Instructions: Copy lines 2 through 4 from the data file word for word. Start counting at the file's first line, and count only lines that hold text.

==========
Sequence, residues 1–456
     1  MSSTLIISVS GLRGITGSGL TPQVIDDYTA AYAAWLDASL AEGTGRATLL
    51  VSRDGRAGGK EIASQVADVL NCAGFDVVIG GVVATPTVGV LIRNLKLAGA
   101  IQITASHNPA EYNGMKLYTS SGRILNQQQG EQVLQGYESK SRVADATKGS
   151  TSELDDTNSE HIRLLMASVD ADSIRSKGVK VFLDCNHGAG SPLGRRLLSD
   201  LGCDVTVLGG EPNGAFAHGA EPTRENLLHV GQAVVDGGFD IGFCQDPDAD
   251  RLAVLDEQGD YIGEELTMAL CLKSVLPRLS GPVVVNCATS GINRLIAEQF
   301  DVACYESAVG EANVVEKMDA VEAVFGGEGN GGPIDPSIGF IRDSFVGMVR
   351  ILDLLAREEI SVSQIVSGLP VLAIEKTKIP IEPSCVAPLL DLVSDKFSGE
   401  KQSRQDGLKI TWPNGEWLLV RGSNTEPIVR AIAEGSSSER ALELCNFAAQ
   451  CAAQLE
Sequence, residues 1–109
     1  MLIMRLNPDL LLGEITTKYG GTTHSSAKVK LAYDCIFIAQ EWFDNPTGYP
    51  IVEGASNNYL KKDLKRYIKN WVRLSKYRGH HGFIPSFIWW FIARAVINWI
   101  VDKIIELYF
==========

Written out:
     1  MSSTLIISVS GLRGITGSGL TPQVIDDYTA AYAAWLDASL AEGTGRATLL
    51  VSRDGRAGGK EIASQVADVL NCAGFDVVIG GVVATPTVGV LIRNLKLAGA
   101  IQITASHNPA EYNGMKLYTS SGRILNQQQG EQVLQGYESK SRVADATKGS